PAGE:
Linkage Testing

For some cases of hemophilia A, genetic mutations cannot be found. In these instances, linkage analyses, also called indirect DNA analyses, can track the gene mutation in the family. Blood samples are taken from various family members, especially affected males. 

Clinicians will then look for patterns of linked DNA in the person with hemophilia A and compare those patterns of the other family members. Unfortunately, linkage testing isn’t as accurate as other methods of testing, especially instances where affected males are distant relatives. 

Prenatal Testing

Women with a family history of hemophilia may want to have their unborn child tested. As early as ten weeks into pregnancy, chorionic villus sampling can be completed. This involves taking a small sample of the placenta and testing the DNA to look for genetic specific mutations.  

Another test that can be done later in the pregnancy–usually around 15 and 20 weeks into the pregnancy–is an amniocentesis. Using a fine needle inserted into the uterus via the abdomen, a small sample of amniotic fluid is taken. The cells found in the fluid are then analyzed for the hemophilia A gene.

What to Expect

Meeting with a genetic counselor is the first step in determining whether someone is a carrier of hemophilia A. Genetic counselors often work with parents who have affected newborns or with women who want to know if they are carriers. They may also meet with men who are assisting in testing of their sisters and daughters.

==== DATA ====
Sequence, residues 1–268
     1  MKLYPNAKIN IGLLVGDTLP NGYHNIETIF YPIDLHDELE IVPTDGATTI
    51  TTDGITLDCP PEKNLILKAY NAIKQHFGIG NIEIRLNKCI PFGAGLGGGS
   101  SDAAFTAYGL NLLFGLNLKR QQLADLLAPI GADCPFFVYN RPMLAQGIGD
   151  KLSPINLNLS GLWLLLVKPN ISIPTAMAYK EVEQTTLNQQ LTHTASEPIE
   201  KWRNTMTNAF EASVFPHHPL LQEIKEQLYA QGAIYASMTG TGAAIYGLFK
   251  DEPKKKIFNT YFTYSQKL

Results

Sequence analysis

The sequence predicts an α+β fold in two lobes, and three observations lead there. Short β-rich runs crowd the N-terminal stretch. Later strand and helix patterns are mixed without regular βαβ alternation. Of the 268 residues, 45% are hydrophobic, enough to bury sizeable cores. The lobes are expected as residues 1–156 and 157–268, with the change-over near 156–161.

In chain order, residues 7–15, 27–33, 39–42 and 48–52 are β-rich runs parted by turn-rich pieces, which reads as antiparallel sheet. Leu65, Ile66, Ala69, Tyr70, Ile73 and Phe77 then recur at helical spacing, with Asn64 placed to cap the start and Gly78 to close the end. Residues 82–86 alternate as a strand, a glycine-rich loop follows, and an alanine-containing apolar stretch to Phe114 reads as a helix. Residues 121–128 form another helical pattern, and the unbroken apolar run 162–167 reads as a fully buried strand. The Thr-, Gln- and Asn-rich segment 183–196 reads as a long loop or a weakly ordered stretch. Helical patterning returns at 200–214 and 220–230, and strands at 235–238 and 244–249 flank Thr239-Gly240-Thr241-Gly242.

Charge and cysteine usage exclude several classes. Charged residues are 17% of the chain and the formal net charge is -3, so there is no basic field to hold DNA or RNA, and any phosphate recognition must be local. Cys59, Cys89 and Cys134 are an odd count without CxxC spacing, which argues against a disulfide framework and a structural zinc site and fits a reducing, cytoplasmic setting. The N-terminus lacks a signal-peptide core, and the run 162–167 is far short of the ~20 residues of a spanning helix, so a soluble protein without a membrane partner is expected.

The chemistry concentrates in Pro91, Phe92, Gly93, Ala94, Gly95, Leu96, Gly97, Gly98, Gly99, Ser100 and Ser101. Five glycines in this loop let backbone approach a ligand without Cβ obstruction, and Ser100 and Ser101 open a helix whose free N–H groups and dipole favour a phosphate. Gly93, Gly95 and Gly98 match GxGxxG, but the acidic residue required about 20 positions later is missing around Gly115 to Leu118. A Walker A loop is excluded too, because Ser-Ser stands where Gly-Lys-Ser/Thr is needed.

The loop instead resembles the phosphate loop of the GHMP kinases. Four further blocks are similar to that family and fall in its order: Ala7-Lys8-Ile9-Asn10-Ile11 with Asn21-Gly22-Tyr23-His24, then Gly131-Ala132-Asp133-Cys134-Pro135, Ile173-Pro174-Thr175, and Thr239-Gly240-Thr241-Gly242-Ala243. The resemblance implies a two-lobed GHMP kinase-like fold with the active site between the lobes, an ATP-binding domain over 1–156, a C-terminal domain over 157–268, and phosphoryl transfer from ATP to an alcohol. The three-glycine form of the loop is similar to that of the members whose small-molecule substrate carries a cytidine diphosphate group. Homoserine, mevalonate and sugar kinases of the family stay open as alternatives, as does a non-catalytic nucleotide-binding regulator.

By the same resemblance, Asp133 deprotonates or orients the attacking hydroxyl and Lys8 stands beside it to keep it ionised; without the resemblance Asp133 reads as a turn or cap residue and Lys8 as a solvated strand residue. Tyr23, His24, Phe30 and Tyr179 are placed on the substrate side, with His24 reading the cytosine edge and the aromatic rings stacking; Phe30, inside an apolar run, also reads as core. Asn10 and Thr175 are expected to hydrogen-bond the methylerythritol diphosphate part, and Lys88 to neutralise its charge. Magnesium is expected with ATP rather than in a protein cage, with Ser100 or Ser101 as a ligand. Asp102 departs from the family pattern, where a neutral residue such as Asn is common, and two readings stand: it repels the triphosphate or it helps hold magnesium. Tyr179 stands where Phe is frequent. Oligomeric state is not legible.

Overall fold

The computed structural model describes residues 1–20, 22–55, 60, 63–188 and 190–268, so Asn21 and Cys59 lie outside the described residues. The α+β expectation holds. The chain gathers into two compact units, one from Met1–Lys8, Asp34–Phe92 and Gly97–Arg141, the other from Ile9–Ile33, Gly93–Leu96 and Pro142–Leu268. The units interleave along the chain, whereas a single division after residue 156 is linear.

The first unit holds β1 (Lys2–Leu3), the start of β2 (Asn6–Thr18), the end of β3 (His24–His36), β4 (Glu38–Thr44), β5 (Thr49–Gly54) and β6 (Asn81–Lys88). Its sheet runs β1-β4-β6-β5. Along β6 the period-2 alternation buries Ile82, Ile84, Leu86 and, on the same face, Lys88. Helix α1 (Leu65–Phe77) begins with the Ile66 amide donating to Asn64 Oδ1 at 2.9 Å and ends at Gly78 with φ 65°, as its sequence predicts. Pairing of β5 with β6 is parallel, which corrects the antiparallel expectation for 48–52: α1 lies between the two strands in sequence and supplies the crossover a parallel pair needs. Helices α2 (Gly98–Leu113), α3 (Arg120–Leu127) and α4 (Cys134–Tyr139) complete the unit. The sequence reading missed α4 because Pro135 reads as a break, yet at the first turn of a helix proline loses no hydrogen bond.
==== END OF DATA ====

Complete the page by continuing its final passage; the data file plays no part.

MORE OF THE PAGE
Meeting with a genetic counselor involves an initial consultation where family and personal history of hemophilia A are discussed. The counselor will then discuss the benefits, limitations, and possible outcomes of genetic testing.

Genetic testing is the next step in providing answers. The type of testing will depend on the family and/or patient’s needs and concerns. Family members who currently have hemophilia A are tested first and then any potential carriers.

Once test results come back, the genetic counselor will meet with the patient and family members to explain results. Discussion may include testing of other family members and getting appropriate medical care. 

Insurance may or may not cover the cost of testing. Some insurance providers will allow a physician to explain why testing is needed. Testing is generally approved after such requests.

Genetic counselors can also help patients and their families find necessary resources, including financial assistance and support groups.

A Word From Verywell

Being a carrier of hemophilia A can significantly affect a woman's life. Many carriers worry about the risk of passing the disease on. They may feel as if having children is not a possibility. 

Genetic counselors and hemophilia treatment centers can provide carriers with appropriate counseling, information, and support to help them make decisions and take control of their lives. Moreover, support groups with women in the same situation can be a great source of comfort and hope.

Was this page helpful?
View Article Sources